Gunns Plains Cave
Gunns Plains Cave is a limestone show cave, near Gunns Plains in the North West of Tasmania, twenty kilometres from Ulverstone. The cave was first entered in 1906 by a local Gunns Plains man, Bill Woodhouse, while hunting for possums. A possum eluded him down a hole; this opening served as the original entrance to the cave and early tourists needed to descend by rope from it, three stories to the cave floor. 54 steps were constructed from concrete, leading from the natural cave floor to a new entrance cut into the hillside. This steep and narrow staircase still exists in its entirety and remains the only public entrance and exit to the cave Because candlelight and torchlight were troublesome and fixture lighting was installed throughout to illuminate the walking track and the cave's unique features. In 2003 the system was updated to be of more benefit to visitors; as of 2004 the cave is maintained on behalf of the Tasmania Parks and Wildlife Service by Geoff and Patricia Deer, who lease the rights to manage the cave.
There are daily tours. The cave tour was re-lit using LED lighting in 2008; the public section of the cave is well lit and is for the most part a simple walk. Many beautiful cave formations are present, such as stalactites, helictites and a large array of dazzling flowstone are present in the public section of the cave. A further one kilometre of wild cave was mapped in the early 20th century, but is more difficult to access; the cave is a host to an assortment of wildlife. The cave is inhabited by the endangered Tasmanian Giant Freshwater Crayfish, freshwater fish and eels. Glow worms can be found with their silk threads dangling from the ceiling. Cave crickets and spiders are present. Gunns Plains List of caves in Australia Show cave Tasmania Parks and Wildlife Service: Gunns Plains Cave Australian Speleological Federation, a national environmental organisation promoting the protection of Australia's unique cave systems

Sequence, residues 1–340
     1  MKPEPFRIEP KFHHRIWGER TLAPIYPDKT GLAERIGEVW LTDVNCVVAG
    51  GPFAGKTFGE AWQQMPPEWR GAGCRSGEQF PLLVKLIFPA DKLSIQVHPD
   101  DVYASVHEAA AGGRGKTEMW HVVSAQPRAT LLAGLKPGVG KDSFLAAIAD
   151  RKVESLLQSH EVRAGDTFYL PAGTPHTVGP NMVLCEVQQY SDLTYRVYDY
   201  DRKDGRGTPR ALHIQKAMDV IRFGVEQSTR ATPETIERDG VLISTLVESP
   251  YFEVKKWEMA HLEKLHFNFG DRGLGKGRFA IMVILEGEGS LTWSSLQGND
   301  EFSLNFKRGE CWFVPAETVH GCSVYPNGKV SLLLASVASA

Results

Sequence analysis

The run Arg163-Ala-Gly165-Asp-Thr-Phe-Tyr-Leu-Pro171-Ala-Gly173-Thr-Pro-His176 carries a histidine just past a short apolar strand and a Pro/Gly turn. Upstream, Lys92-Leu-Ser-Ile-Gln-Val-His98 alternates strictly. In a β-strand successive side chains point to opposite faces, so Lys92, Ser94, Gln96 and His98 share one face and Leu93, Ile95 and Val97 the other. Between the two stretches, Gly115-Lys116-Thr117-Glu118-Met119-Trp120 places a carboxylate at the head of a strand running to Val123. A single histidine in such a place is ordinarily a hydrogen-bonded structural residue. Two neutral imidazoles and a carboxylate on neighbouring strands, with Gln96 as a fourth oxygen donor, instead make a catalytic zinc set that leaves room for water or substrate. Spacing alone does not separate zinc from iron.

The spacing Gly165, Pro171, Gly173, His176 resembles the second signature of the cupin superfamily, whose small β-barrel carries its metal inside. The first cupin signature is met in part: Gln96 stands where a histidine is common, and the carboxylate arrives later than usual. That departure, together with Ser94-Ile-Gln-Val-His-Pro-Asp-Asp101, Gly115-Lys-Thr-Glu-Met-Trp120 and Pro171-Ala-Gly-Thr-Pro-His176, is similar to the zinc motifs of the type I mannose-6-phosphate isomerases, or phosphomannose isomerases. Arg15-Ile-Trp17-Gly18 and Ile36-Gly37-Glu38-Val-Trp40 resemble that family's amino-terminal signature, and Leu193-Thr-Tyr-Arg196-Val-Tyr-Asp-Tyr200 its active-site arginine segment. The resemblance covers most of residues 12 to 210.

Petersburg, West Virginia
Petersburg is a city in Grant County, West Virginia, USA. The population was 2,467 at the 2010 census, it is the county seat of Grant County. Petersburg was founded circa 1745 by Jacob Peterson. In the 1830 United States Census, the population center of the United States was recorded as being about 9 miles southwest of the town; the settlement was incorporated in 1910. The Manor Hermitage Motor Inn Grant County Courthouse Rohrbaugh Cabin Located near Petersburg is the Old Judy Church, listed on the National Register of Historic Places since 1976. Petersburg is located at 38°59′36″N 79°7′36″W. According to the United States Census Bureau, the city has a total area of 1.62 square miles, all of it land. The climate in this area has mild differences between highs and lows, there is adequate rainfall year-round. According to the Köppen Climate Classification system, Petersburg has a marine west coast climate, abbreviated "Cfb" on climate maps; as of the census of 2010, there were 2,467 people, 1,113 households, 614 families residing in the city.